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As an open-bolt machine gun, the Lewis was not well suited to synchronization on WW1 aircraft – but it was an ideal gun for flexible mounting. To suit this use, a series of aircraft-specific Lewis variations were made. Today, we are looking at a 1918 model made by Savage for the US, chambered in .30-06. It has a single rear spade grip, and no cooling shroud. Instead, a small metal cylinder was added just to protect the gas piston. It has a muzzle brake designed to increase back pressure and raise the rate of fire to 800 or 850 rounds/minute, and was fitted with 97-round double-height pan magazines. The sights are Norman wind vane sights, designed to automatically compensate for the deflection of the gun pointing in different directions relative to the aircraft’s own movement and orientation. By the end of the war, Savage had produced 32,231 aircraft Lewis guns, with this type being the final pattern.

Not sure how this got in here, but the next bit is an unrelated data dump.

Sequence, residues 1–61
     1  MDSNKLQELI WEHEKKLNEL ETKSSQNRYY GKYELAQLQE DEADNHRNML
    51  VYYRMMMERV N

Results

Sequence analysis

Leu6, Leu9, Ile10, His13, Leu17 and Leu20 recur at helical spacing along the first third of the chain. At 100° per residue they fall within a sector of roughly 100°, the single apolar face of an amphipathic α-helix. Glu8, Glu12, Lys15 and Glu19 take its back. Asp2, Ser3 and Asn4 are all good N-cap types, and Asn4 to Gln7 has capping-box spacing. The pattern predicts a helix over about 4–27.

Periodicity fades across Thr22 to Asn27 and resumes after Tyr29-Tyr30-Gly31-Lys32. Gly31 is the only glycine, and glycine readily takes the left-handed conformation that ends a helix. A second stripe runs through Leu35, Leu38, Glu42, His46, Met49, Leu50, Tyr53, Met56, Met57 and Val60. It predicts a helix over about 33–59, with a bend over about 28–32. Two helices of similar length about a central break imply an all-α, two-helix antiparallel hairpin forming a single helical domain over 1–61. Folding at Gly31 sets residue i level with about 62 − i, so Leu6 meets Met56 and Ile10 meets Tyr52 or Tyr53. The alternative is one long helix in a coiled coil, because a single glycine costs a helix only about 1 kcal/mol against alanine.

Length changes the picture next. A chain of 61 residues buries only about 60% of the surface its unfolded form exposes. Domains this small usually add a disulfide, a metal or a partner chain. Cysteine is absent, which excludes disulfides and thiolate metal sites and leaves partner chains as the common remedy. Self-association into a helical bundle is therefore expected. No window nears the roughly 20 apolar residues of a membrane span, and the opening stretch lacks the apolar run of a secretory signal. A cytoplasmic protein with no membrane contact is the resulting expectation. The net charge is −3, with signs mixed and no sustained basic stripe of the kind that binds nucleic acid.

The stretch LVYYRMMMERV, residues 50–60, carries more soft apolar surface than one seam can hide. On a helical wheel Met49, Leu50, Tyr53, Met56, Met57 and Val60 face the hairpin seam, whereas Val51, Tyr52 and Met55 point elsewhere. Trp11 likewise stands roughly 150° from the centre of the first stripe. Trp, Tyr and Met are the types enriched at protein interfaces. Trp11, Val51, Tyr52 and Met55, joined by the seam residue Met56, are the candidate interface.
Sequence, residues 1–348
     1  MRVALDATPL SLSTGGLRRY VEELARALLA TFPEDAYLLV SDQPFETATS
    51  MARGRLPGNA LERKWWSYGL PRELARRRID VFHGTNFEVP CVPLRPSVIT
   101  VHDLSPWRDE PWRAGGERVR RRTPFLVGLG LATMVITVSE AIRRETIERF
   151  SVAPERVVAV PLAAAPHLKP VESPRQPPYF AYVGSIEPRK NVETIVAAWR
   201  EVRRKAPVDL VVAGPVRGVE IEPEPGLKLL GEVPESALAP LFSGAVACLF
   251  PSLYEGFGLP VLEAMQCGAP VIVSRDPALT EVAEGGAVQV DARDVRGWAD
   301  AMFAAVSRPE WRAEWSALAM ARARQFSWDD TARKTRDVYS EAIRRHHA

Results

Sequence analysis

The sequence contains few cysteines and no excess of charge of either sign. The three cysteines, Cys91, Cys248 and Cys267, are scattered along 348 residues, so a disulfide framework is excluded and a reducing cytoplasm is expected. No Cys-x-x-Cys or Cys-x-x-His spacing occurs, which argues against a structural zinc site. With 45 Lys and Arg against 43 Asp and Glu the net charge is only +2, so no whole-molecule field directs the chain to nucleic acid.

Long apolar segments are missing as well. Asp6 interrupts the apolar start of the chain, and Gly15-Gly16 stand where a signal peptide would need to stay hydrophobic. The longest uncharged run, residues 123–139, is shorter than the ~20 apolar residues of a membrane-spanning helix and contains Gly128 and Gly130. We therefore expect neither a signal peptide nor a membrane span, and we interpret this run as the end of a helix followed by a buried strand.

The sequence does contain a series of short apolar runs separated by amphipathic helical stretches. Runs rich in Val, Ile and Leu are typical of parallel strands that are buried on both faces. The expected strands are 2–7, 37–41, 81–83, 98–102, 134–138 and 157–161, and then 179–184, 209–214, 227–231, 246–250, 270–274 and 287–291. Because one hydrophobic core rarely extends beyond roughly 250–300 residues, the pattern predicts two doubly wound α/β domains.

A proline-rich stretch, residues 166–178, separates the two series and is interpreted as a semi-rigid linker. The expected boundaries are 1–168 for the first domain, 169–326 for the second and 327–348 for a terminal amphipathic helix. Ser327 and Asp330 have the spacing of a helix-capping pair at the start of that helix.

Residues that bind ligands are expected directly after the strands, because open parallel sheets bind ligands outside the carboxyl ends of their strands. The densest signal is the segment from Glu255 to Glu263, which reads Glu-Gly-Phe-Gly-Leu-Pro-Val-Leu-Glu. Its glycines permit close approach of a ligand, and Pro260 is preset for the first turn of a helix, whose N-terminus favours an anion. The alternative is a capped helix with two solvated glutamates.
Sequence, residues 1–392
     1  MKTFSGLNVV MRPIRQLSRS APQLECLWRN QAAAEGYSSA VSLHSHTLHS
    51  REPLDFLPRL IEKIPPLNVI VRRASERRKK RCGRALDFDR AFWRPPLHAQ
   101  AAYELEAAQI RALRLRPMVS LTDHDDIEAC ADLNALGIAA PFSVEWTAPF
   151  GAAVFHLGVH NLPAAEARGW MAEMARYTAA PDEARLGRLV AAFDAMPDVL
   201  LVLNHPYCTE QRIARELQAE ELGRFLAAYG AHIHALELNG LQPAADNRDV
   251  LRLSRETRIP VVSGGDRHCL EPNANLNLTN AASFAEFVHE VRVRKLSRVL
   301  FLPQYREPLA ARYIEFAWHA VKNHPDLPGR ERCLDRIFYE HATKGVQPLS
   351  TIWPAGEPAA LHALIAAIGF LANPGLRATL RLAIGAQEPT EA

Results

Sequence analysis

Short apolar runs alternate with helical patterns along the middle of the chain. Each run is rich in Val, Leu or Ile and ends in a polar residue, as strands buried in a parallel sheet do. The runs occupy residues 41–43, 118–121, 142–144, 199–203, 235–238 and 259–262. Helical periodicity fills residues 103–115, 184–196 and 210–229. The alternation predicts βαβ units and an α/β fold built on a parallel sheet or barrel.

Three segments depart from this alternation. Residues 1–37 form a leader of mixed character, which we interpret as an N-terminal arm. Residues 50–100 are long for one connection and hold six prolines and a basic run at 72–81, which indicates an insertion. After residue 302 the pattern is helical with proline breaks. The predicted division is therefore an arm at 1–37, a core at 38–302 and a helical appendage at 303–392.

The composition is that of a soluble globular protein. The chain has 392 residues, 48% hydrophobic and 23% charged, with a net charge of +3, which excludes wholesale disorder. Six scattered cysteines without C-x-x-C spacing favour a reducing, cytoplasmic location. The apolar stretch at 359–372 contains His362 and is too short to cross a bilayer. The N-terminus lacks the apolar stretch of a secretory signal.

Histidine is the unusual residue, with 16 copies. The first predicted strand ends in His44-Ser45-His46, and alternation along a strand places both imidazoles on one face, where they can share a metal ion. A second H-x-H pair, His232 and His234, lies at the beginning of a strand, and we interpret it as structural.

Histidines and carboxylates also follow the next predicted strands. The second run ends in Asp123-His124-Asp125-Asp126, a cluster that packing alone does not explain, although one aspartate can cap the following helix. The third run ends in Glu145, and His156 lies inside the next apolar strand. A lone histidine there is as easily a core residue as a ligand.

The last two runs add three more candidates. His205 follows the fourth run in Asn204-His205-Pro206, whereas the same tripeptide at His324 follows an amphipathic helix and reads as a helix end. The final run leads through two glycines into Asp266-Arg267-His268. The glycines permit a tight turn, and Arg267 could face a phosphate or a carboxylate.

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At Forgotten Weapons I think the most interesting guns out there are the most obscure ones. I try to search out experimental and prototype weapons and show you how they work, in addition to more conventional guns that you may not have heard of before. You’re much more likely to find a video on the Cei Rigotti or Webley-Fosbery here than an AR or Glock. So, do you want to learn about something new today? Then stick around!